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#BlackHistoryMonth #TBT The Jacksons & Soul Train’s Impact #WorldWide

LOS ANGELES - DECEMBER 18: Michael Jackson and his sister Janet pose for a photo at their Hollywood Hills home on December 18 1972 in Los Angeles, California. (Photo by Michael Ochs Archive/Getty Images)
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LOS ANGELES – DECEMBER 18: Michael Jackson and his sister Janet pose for a photo at their Hollywood Hills home on December 18 1972 in Los Angeles, California. (Photo by Michael Ochs Archive/Getty Images)

You just know yours truly Venom couldn’t see the end of February come without making another article for WWETV. To end off Black History Month, Worldwide Entertainment TV looks back at the most successful black musical family of all-time. There is no denying that the time period of the 1960’s and 1970’s was very critical as it had a profound affect on Black Americans with their advancement in society. As it has been well documented the birth of Motown Records gave the world the music of icons from the culture that would radiate decades later. Berry Gordy created the Motown Sound and legends which was recently honored by Jennifer Lopez at the Grammys.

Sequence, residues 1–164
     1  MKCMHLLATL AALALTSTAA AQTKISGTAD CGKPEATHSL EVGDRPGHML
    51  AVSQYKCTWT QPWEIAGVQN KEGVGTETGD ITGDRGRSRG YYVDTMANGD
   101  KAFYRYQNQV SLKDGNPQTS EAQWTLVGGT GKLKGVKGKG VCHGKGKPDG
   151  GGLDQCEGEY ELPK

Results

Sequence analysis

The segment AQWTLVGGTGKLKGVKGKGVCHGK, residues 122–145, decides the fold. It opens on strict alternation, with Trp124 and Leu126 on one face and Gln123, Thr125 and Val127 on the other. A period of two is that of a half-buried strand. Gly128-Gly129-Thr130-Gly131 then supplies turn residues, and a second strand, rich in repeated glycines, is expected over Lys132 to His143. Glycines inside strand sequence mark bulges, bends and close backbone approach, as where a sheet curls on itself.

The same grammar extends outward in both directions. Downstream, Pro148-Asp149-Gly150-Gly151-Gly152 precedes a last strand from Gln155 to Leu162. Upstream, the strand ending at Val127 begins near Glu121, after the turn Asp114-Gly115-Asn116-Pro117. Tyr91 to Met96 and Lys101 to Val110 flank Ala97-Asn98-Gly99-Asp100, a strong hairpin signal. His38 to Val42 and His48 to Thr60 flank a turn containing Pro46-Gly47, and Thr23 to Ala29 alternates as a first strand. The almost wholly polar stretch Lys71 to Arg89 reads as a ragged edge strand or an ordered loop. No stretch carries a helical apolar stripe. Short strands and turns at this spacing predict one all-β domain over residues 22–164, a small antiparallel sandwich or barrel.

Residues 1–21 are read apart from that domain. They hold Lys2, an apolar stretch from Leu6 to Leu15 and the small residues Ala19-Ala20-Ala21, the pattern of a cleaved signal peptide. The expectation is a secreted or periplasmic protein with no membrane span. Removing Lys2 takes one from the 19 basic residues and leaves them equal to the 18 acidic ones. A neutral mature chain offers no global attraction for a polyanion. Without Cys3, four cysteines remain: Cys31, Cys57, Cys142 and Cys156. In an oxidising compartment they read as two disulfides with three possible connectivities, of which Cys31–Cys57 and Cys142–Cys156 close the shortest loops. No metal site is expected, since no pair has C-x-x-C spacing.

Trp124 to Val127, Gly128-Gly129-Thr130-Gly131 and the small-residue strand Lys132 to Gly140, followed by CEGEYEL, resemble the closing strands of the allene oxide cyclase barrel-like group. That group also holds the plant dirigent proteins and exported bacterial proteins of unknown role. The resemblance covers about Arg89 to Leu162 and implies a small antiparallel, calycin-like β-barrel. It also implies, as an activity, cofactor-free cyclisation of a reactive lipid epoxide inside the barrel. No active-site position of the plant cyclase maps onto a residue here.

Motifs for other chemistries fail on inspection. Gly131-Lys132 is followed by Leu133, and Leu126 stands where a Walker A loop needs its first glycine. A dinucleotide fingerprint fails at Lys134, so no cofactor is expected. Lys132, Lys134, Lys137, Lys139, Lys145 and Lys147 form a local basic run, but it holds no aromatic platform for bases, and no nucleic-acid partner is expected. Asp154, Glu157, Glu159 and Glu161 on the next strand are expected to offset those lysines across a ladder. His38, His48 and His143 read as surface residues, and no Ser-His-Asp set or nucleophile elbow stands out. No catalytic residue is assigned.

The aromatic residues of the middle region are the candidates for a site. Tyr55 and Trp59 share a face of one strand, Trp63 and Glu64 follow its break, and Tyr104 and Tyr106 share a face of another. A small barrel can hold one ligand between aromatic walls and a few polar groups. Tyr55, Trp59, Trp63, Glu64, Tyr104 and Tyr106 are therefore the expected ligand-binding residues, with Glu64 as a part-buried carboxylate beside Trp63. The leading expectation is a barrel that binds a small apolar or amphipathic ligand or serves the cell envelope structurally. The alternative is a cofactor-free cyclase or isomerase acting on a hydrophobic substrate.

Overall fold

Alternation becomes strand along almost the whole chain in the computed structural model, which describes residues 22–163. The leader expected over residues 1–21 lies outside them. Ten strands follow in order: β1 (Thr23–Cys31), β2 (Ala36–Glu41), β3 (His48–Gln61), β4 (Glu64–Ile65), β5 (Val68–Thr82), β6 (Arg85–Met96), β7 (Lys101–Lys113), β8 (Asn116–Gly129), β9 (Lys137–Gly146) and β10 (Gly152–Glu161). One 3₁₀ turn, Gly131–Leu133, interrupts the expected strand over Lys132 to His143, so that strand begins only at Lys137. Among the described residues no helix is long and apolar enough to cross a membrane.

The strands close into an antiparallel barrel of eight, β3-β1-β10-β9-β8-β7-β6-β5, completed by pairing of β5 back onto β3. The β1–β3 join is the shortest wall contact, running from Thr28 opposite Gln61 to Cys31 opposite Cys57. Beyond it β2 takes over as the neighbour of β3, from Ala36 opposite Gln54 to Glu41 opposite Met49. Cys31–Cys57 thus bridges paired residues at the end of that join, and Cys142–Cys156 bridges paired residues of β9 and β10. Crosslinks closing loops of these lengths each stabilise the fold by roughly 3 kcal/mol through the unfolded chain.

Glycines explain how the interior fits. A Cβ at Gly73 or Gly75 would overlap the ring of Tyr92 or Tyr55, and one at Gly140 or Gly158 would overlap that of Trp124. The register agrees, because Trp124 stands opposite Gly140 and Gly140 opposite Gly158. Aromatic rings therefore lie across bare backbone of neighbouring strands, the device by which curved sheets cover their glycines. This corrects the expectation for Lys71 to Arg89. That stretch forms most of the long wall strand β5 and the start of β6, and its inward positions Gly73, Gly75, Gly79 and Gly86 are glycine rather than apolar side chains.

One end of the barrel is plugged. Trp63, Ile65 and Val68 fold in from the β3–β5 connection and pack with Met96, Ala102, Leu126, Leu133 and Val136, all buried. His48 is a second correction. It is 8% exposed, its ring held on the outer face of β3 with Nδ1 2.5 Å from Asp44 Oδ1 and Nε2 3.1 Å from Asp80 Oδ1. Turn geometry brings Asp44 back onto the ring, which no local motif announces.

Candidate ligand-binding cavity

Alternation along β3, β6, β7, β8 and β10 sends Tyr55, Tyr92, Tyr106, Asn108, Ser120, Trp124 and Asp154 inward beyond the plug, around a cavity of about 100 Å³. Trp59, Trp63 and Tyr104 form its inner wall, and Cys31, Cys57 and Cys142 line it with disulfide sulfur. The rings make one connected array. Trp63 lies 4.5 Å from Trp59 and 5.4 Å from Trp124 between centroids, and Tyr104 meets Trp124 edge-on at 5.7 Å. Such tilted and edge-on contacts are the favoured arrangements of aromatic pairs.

https://www.youtube.com/watch?v=-98ERyB9bLI

The impact of Motown can’t be contained in only one documentary which is why there are plenty of films about the importance of the label. Berry Gordy paved the way for the likes of Diddy, Master P, Suge Knight, and all of the 90’s hip hop moguls that helped to shape today’s independent landscape.

There were many acts that would capture the fans imagination ranging from Diana Ross who I labeled as “The Original Diva“, Marvin Gaye, and the penmanship of Smokey Robinson. However, there was one act that would end up transcending generations through a musical family empire. When Berry Gordy saw a young Michael Jackson, he forever knew that he was witnessing the future of music’s trajectory. The Jackson 5ive came and stole the show on Motown and never looked back.